- Oh, and the company provided the press with his memo ahead of time (you can read it here), meaning it really did get ahead of the narrative. Smart!
- "In the past, we used diversity to survive. I want diversity to be a strength." — Sony CEO Kenichiro Yoshida thinks it's good that Sony makes more than just consumer electronics.
- "This is the first time we have engineers looking for jobs and reaching out versus the other way around, where you are actively begging them." — Lerer Hippeau Ventures' Amanda Mulay says the startup hiring market is changing.
- "Everything has to line up perfectly right now. Hard to get it just right." — Haystack's Semil Shah says it's a rough time to be an early-stage investor.
- "You're going to have winners and losers, and quite a few losers … The crisis is going to massively impact the fintech sector." — Forrester Research's Aurelie L'Hostis thinks Revolut could be one of the winners.
- "I'm not a believer in saying only that the big will survive: I think you're going to see small- to medium-sized companies do this extremely well." — PwC's Tim Ryan told Protocol that he thinks companies' management quality matters more than size right now.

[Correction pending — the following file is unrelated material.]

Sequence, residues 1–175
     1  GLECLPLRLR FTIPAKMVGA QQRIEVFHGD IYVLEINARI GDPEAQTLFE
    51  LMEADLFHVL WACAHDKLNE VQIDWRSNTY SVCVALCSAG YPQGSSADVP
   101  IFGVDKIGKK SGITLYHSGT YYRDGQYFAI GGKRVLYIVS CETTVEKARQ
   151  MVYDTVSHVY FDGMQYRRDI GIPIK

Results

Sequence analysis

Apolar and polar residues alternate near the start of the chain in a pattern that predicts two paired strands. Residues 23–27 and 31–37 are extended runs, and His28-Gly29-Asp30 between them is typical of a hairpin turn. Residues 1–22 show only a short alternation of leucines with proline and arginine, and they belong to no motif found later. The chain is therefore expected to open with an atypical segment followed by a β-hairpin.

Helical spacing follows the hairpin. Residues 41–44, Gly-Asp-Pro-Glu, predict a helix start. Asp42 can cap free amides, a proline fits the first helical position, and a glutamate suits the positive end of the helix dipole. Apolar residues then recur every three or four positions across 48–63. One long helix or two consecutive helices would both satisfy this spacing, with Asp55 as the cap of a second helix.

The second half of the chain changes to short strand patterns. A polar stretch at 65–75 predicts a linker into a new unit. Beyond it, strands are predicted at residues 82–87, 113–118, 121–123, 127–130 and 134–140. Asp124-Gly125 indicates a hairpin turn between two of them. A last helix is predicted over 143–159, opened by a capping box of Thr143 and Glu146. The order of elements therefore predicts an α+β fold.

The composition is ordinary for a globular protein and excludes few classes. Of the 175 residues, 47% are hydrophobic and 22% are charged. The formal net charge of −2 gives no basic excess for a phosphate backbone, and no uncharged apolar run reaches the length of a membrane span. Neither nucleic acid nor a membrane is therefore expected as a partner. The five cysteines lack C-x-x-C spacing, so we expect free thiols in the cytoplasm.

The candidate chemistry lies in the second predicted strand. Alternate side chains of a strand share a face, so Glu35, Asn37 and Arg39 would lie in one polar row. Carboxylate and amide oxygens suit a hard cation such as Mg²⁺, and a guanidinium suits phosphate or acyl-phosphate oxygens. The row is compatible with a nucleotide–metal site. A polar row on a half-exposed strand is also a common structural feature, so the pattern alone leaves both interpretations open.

- "Long term, we do expect Apple to open up." — Spotify CEO Daniel Ek thinks Spotify's antitrust complaints will lead to change. He also said he expects Spotify's ad revenue to soar.
VCs have time on their hands
We all know the fundraising market is a bit messy right now, but some data suggests it's not as bad as you might think. DocSend monitors founder and VC activity on its platform and has seen remarkable stability.
- "When this started we actually saw a pretty big plunge," DocSend CEO Russ Heddleston told me, with founders putting pause on sending out pitch decks. But founders are back to pitching, and VCs are reviewing those pitches.
- "VCs are spending even more time than they were in the last two years" looking at pitch decks, Heddleston said. And founders are sending more links than they historically did, too.